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“‘Born This Way’: The Political & Personal Challenges of American Religious Pluralism”

Sept. 22, 2011
7 p.m. Lecture
Fort Howard Theater, Bemis International Center

Dr. Kathleen Flake
Associate Professor of American Religious History
Vanderbilt University Divinity School

Kathleen Flake is ideally suited to address the theme for the 2011-12 Killeen Chair lecture series: “Religious Pluralism in America.” An associate professor of American Religious History at Vanderbilt University Divinity School, Dr. Flake earned her B.A. in English from Brigham Young University in 1974, her J.D. degree from the University of Utah School of Law in 1980, her M.A. in religious studies from the Catholic University of America in 1995 and her Ph.D. in Theology from the University of Chicago in 2000. At Vanderbilt University Divinity School, Dr. Flake has taught a variety of courses related to the 2011-2012 theme for the Killeen Chair lecture series, including “History of Religion in America,” “Church and State in American History,” “The Public Role of Religion in America” and “New Religious Movements.” She is the author of The Politics of Religious Identity: The Seating of Senator Reed Smoot, Mormon Apostle, which won the Best Book Award of the Mormon History Association in 2005.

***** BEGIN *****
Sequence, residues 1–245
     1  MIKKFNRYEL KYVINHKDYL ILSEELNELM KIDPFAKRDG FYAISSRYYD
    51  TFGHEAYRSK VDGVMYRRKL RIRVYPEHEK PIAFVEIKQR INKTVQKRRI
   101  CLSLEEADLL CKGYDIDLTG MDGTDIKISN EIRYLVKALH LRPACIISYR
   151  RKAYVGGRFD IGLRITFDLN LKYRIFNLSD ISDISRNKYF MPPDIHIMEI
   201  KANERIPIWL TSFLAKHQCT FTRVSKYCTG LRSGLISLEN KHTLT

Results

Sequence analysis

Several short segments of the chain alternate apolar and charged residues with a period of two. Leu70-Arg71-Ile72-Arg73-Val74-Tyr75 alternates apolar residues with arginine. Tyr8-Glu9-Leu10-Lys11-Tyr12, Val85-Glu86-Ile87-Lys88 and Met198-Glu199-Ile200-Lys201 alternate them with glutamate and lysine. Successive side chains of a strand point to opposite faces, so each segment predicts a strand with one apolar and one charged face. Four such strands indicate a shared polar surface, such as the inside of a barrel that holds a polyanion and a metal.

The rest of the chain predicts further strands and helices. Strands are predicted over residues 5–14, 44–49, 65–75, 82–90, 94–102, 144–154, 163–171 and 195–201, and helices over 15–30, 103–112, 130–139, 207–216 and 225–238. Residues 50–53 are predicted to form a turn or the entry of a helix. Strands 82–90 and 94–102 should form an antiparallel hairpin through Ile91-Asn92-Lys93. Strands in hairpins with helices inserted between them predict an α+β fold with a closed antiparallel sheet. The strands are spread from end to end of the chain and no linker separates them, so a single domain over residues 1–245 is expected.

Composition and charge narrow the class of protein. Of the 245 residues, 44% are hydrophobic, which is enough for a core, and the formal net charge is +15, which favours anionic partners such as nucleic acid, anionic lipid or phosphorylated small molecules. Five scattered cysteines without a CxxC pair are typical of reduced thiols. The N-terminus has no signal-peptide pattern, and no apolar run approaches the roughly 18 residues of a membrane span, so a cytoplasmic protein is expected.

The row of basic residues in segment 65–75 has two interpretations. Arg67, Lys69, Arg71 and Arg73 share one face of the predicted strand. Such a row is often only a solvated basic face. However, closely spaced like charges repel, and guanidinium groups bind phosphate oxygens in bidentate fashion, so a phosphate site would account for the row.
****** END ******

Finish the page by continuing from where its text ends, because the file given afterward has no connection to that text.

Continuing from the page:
Dr. Flake’s scholarly essays have appeared in such highly respected journals as the Journal of Religion, Religion and American Culture and the Journal of Ritual Studies. In addition to her publications, Dr. Flake has presented scholarly papers on a variety of topics at numerous academic conferences, and has been invited to lecture at a number of colleges and universities, among them Harvard, Princeton, Yale Divinity School and Claremont School of Religion.

In a fascinating and stimulating presentation, Dr. Flake will examine the evolution of American religious pluralism, asking what about this evolution has led many people to doubt both our national will and our Constitutional processes for accommodating religious differences. Can we manage the religious pluralism that today defines our body politic? Are we able today to make, out of many, one people dedicated to the ideal of "liberty and justice for all"? Should the United States think of itself as Christian? Should it be religiously informed at all?

You may search the Mulva Library catalog for a selection of books available by Kathleen Flake. Books are also available to purchase after the lecture and at the St. Norbert College bookstore.